GamesBeat: The Fables series here with The Wolf Among Us — Is it picking up on that in some way? Is it doing things differently?
Connors: It’s funny, because people who play it have said that it feels very familiar, like Walking Dead, but it’s completely different. That was what we were going for – building out a model, building games in a way of making games where things felt very familiar in the way you did things, but each piece of content is completely unique because the writing is different, the characters are different. Wolf Among Us has proven that that was a good way to go. Now there are people who like these experiences and like that they can experience them in a different world and a different story.
GamesBeat: You showed those videos of people crying when they were playing The Walking Dead game. When did you start to pick up on that kind of thing, that it was that powerful?
Connors: We felt it in the room, when we were creating the game. We would read the scenes and everyone in the room would be quiet. People would be touching the corner of their eye, and that was before there was any graphics or any acting. We knew, at that moment, that it was powerful. As our cinematics team and animation team came on and added more emotion to it, it got more and more powerful. I think it was the end of episode two where we realized that people really cared about these characters.
GamesBeat: Parts of the engine are a little funky. The feeling of walking around isn’t quite so close to real life, or to an action game like Call of Duty. Do you find that players don’t mind that? Or do they wish that some parts of the game could be a little different, like the movement rate?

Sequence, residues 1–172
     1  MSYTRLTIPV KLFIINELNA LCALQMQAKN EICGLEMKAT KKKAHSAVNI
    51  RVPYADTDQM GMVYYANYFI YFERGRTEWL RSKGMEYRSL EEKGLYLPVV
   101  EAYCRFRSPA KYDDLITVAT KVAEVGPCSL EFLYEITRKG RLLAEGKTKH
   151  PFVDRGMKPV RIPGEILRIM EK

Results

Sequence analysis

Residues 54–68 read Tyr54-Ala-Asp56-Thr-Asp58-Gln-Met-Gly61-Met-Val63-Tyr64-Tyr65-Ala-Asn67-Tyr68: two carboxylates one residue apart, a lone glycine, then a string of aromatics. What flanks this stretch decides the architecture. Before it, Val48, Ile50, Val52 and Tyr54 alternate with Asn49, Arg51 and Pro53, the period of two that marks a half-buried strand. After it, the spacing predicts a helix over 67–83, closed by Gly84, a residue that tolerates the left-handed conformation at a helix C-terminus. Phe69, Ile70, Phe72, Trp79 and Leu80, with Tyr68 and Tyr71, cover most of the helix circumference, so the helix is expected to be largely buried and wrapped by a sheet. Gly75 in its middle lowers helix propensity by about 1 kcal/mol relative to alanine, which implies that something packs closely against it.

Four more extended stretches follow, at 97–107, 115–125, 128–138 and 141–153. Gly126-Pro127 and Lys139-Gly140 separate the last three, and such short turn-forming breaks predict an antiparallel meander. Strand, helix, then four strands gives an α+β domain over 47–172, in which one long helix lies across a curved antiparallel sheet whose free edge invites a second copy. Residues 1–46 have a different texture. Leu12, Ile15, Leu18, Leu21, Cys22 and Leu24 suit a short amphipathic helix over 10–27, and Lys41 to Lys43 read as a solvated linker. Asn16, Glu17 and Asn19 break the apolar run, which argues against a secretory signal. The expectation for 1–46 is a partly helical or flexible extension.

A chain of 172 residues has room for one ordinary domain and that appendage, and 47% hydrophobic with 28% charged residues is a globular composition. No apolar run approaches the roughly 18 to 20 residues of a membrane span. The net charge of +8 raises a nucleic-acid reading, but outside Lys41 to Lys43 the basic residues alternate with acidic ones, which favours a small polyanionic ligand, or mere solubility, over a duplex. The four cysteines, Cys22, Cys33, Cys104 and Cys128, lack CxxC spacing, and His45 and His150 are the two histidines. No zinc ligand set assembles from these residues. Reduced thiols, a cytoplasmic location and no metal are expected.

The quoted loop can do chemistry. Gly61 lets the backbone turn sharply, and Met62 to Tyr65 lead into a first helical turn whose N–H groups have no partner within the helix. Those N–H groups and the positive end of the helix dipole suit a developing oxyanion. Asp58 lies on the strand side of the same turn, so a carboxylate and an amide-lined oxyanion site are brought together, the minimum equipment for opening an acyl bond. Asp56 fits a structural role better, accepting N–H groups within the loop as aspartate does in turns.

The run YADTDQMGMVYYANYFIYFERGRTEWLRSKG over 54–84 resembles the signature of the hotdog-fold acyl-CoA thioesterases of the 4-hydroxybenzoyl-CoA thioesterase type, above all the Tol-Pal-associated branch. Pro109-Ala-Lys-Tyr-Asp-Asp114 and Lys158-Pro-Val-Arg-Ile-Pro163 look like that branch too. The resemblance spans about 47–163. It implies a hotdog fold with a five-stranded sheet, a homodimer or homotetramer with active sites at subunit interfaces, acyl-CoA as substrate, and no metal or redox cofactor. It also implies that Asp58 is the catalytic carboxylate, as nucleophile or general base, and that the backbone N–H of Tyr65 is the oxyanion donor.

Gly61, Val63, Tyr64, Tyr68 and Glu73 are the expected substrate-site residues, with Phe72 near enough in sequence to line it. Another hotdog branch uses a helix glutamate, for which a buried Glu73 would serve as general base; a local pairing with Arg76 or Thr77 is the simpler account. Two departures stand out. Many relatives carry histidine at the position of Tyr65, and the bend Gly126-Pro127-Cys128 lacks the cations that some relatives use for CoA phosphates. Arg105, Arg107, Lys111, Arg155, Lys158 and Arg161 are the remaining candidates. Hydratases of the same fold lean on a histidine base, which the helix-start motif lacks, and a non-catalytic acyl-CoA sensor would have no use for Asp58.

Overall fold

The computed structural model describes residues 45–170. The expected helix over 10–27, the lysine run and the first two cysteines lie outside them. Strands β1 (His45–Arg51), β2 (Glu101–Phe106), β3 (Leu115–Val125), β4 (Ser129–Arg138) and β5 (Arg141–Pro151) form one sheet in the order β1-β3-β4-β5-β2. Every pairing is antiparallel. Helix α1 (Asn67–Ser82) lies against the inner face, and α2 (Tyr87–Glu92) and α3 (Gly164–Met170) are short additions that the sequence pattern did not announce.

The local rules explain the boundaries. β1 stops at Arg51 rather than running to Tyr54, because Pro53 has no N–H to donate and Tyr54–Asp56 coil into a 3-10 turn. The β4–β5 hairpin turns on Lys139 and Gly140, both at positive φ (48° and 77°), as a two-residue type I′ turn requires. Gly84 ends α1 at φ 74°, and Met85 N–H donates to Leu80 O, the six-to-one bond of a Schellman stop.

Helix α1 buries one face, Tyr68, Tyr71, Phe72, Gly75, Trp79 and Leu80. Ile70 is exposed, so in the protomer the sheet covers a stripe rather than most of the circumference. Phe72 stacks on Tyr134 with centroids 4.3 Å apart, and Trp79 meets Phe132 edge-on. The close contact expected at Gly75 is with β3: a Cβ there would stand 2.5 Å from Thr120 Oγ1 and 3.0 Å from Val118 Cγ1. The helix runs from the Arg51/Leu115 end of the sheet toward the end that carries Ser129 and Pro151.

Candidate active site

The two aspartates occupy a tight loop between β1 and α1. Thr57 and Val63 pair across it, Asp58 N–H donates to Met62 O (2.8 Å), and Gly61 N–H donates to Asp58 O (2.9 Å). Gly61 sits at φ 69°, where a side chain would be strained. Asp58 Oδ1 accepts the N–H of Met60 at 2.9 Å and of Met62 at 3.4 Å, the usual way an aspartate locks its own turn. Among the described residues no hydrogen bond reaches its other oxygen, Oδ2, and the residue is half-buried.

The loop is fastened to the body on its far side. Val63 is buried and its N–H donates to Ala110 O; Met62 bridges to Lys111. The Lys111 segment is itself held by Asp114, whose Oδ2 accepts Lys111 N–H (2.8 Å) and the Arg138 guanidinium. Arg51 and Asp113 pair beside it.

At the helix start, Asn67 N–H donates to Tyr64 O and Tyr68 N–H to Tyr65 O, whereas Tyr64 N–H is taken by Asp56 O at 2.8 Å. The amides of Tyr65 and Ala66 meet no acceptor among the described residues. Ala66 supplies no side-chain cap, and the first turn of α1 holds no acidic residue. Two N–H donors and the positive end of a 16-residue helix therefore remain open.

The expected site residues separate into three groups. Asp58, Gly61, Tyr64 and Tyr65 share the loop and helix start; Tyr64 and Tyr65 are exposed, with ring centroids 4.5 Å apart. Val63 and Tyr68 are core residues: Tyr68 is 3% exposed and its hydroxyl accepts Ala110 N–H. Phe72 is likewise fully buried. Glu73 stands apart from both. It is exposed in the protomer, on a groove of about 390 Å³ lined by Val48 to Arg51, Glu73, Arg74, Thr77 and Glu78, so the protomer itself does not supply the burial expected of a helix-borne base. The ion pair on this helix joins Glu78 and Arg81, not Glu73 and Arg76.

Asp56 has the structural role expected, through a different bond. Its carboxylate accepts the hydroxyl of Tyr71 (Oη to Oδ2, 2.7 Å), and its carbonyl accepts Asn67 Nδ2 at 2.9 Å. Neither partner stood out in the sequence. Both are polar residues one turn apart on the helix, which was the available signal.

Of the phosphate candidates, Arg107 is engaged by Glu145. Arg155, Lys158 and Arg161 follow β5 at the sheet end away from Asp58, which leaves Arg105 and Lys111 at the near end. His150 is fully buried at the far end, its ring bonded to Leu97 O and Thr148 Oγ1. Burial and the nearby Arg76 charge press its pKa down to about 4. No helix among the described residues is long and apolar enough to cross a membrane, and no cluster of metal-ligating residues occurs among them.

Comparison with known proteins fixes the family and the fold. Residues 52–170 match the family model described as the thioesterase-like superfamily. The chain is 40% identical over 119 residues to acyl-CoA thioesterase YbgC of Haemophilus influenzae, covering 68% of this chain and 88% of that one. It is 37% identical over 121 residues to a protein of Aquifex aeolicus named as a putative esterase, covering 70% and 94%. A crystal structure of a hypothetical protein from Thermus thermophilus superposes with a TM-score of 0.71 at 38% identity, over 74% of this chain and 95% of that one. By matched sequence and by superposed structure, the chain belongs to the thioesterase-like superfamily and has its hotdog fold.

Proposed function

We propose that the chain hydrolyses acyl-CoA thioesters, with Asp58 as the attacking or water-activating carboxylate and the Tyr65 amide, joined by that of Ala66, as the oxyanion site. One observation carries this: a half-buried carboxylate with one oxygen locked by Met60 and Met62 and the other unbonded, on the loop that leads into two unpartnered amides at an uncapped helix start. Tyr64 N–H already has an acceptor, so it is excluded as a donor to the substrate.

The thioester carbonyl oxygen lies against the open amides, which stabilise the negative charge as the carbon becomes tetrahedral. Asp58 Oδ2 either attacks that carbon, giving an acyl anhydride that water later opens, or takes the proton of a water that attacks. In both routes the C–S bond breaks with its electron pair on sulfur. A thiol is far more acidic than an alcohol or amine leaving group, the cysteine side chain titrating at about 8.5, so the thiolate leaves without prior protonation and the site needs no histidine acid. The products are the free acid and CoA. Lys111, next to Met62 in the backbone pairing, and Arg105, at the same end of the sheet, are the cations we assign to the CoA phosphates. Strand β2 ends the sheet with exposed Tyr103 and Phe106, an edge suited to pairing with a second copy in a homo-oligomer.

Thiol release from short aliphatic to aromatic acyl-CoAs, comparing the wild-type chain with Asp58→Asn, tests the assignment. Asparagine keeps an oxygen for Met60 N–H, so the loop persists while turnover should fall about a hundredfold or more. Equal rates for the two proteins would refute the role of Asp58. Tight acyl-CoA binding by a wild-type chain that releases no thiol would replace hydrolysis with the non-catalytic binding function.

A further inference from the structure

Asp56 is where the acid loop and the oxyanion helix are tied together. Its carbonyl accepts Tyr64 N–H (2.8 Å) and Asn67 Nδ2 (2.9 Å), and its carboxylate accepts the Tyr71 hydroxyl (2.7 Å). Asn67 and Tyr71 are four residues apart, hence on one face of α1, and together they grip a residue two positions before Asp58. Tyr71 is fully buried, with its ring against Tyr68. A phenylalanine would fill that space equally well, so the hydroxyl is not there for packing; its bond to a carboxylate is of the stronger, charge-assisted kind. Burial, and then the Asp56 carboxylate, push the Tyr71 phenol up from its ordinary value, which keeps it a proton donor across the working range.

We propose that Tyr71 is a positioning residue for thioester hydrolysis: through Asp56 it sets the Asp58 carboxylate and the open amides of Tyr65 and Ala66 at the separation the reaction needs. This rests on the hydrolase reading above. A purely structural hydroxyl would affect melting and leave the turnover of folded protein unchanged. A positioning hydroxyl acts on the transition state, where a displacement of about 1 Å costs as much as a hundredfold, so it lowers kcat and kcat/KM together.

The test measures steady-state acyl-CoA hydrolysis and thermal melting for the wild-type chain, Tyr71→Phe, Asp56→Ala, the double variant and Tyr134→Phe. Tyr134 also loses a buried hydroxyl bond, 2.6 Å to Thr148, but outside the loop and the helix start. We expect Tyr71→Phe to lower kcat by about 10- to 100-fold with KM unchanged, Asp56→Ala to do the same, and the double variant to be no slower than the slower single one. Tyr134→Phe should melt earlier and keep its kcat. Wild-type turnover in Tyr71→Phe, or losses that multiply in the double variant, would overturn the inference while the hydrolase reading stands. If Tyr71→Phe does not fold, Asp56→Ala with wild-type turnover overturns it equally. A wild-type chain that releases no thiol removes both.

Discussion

Connors: We’re always focusing on the things that bring the most value to the product. A super interesting exchange between characters, something that’s well-written and has a lot of context and consequence associated with it, is the most valuable part of the performance. Walking from point A to point B is kind of secondary to that.
But with that said, every time out, because we do so much content, we’re always improving. We’re always hearing what people are saying. We address issues as we feel like, “Okay, this is getting in the way of what we’re trying to present.” We definitely put our effort into the parts of the game that entertain people the most, that they most care about.
In Call of Duty, you’re running through that world. You have your gun out. You’re very much that soldier and you have to feel like that soldier. That’s different than feeling like Lee, which is about what you say to Clementine in the situations you get in, things like that. We’re always working to improve, but we’re always focusing on the things that make Telltale games feel the most like Telltale games.
GamesBeat: When the story and the narrative are strong, that compensates for moments where it maybe isn’t the smoothest 3D virtual experience.